Stereoisomerism occurs when organic compounds have the same molecular formula and the same structural formula, but the atoms in the molecules have different spatial arrangements.
So, how do we calculate and determine the maximum number of stereoisomers a molecule can have?
Provided there is no internal plane of symmetry in the structure of a molecule, and chirality occurs only due to chiral centres,
the maximum number of stereoisomers a molecule can have = 2m+n
m = number of chiral centres; and
n = number of double bonds that can give rise to cis-trans isomers
Let’s take methoprene molecule as an example.
There is only one chiral centre in a methoprene molecule.
Both the C=C double bonds also satisfy the criteria for cis-trans (geometric) isomerism.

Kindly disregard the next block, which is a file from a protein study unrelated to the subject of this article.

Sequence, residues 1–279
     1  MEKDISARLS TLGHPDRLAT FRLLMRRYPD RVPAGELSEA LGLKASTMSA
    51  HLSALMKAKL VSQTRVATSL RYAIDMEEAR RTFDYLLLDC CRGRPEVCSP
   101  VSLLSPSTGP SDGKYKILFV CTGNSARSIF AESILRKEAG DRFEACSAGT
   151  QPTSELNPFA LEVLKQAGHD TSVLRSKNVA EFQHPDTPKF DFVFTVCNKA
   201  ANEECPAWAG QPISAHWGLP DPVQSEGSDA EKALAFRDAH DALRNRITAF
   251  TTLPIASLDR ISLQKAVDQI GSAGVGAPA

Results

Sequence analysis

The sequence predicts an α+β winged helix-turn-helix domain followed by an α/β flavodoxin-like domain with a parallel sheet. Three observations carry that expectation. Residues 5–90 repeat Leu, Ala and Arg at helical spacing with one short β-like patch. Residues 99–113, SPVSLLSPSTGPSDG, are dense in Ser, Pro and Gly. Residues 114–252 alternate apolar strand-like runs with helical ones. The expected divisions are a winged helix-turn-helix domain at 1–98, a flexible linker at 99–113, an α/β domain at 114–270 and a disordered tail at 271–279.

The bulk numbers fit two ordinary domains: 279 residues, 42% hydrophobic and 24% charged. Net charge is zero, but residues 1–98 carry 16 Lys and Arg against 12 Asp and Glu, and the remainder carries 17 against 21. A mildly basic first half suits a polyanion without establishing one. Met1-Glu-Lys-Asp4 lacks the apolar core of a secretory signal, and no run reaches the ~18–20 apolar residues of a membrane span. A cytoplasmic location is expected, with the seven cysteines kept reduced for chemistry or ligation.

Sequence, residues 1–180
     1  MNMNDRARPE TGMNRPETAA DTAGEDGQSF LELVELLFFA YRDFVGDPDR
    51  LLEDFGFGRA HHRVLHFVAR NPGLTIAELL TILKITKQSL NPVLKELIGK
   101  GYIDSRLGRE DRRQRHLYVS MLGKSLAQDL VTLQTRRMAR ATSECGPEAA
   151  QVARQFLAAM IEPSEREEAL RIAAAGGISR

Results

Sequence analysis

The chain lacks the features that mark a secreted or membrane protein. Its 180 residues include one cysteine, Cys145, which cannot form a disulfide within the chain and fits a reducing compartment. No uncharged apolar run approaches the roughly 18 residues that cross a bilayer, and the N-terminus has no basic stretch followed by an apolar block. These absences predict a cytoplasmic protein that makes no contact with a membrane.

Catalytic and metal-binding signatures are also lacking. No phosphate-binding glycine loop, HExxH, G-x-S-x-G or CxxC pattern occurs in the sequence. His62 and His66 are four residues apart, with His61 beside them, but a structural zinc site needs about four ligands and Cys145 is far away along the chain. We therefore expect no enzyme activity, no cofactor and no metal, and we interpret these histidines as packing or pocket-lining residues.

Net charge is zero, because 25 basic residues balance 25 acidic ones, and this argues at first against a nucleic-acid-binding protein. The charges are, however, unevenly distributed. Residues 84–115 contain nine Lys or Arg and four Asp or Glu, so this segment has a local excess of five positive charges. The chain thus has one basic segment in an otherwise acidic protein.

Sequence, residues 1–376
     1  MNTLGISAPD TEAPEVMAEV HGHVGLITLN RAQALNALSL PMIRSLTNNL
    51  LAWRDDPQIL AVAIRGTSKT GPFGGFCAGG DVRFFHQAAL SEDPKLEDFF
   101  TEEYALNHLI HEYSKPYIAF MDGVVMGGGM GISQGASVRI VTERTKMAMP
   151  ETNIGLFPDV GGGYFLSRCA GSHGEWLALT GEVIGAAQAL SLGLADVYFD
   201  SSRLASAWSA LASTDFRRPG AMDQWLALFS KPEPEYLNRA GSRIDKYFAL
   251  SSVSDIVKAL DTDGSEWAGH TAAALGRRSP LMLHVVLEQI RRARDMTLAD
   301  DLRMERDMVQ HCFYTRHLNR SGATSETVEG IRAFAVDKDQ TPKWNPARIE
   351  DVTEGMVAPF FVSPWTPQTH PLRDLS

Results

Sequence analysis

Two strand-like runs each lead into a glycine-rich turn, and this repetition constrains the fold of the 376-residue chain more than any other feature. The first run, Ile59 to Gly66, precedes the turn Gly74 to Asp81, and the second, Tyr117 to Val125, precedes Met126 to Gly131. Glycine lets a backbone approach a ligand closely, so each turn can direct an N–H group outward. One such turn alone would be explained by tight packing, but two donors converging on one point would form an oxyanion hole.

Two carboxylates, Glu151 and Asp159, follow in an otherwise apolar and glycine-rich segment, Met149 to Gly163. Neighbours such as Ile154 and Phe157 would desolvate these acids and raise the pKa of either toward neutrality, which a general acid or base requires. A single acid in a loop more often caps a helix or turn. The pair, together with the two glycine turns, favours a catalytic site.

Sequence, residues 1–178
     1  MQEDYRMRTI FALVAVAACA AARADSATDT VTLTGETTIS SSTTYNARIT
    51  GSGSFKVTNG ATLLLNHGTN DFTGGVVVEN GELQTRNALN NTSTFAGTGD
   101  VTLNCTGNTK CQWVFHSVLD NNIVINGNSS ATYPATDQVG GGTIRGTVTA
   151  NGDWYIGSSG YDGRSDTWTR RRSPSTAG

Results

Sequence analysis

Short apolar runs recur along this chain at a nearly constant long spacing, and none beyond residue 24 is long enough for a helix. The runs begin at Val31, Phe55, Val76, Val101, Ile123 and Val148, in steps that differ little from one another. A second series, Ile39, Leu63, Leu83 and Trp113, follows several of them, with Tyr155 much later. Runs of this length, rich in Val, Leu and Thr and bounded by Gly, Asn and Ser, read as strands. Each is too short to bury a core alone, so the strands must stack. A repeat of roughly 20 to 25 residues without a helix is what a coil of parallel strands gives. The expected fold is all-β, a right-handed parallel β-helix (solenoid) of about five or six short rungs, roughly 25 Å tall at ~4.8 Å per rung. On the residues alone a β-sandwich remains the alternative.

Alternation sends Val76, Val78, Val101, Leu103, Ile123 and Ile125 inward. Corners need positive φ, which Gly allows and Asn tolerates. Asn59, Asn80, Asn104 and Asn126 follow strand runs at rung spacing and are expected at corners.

As such, the maximum possible number of stereoisomers for methoprene is 2m+ n = 2(1+2) = 23 = 8.
I hope the above discussion is clear for you.
How about working on a slightly easier question on your own? You can leave your answer in the Comment Section below:
What is the maximum number of stereoisomers for an organic compound with the structural formula CH3CH=CHCH(CH3)CH2CH3?
Clue: Draw out the full structural formula first.
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